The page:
Fragmentation: still a big problem
BTRFS is well known for its fragmentation tendency, especially when used with the default CoW behavior. The following two graph show the magnitude of the problem. First, fragmentation was checked after the Windows 7 phase1 installation process:
and then, after all test finished:
In both cases, BTRFS show a very large number of fragments. If you use cache=writeback or disable CoW, fragments are a lot less, leading to large performance gains.
Remember that fragmentation is #1 enemy for mechanical drives: as seek latency are in average 4-10 ms long (and you had to add rotational delay also), a very fragmented filesystem is doomed to slow performance. Somewhat paradoxically, small random transfers are less affected by fragmentation, as their random nature implies many head seeks anyway: this is the reason why we saw BTRFS read performance to be very good. However, BTRFS slow random write speed seems to imply a lot of metadata overhead also.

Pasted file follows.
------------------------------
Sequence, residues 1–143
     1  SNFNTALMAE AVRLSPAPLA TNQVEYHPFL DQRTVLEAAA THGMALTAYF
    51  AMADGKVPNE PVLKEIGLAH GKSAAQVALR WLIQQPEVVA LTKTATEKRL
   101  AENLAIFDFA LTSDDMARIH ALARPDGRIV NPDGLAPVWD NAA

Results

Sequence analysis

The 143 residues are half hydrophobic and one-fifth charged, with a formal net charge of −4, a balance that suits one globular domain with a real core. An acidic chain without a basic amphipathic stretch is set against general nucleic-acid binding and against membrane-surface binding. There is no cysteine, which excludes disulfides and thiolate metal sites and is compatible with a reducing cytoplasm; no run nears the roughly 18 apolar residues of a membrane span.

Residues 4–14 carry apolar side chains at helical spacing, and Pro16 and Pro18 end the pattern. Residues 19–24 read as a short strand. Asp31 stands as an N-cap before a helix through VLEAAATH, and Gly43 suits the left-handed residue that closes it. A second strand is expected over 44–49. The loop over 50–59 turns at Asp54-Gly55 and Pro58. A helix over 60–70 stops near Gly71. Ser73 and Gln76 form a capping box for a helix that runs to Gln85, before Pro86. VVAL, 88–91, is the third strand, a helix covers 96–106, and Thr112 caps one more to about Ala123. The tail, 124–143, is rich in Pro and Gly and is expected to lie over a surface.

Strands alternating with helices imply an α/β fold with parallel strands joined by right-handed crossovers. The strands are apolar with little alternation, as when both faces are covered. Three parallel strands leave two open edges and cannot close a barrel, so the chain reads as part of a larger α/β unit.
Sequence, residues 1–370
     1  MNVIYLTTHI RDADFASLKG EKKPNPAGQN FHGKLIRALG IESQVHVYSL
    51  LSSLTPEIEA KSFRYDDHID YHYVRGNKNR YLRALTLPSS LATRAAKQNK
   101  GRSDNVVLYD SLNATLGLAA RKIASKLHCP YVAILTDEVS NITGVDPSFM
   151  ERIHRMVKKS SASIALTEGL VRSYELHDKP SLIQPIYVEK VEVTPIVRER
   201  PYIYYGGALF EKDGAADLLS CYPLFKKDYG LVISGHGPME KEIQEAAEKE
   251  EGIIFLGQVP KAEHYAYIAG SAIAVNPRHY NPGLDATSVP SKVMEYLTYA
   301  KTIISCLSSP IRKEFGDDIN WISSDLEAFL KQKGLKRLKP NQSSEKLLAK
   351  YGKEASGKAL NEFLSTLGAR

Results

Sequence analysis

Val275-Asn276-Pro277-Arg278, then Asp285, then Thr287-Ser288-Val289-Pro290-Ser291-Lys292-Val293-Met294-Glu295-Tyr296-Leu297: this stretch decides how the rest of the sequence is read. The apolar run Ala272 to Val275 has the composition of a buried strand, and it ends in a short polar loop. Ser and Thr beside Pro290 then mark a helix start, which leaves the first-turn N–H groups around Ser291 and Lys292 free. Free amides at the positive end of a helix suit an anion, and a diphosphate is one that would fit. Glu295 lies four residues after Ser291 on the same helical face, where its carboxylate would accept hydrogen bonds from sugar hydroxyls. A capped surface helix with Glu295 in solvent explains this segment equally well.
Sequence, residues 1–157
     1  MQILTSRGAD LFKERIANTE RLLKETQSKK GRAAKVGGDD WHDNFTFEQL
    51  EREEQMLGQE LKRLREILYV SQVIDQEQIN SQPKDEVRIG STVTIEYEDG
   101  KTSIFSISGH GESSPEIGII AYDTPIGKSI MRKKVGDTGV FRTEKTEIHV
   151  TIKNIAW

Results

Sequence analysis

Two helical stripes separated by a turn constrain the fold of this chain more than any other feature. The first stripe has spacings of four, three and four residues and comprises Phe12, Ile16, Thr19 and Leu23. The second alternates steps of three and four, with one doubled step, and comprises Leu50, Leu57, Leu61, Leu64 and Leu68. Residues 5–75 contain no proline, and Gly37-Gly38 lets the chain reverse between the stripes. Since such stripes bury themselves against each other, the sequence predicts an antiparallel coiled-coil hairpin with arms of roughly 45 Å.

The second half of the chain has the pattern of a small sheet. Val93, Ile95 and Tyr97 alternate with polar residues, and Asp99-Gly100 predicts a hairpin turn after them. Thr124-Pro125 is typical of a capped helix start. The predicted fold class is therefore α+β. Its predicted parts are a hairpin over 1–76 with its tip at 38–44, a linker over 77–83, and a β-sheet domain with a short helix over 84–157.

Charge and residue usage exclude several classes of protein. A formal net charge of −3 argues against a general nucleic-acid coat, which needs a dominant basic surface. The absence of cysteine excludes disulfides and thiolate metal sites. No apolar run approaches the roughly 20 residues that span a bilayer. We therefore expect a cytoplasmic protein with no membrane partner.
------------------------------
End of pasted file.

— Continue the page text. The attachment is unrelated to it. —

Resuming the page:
Returning to the above data, using cache=writeback enable the host OS to coalesce multiple guest writes to a single disk write, leading to lower fragmentation.
In a similar manner, disabling CoW enable BTRFS to do in-place rewrite, a very common operation for virtual disk images and database files. Enable CoW and you force BTRFS to do a new allocation for each rewritten block, killing performance.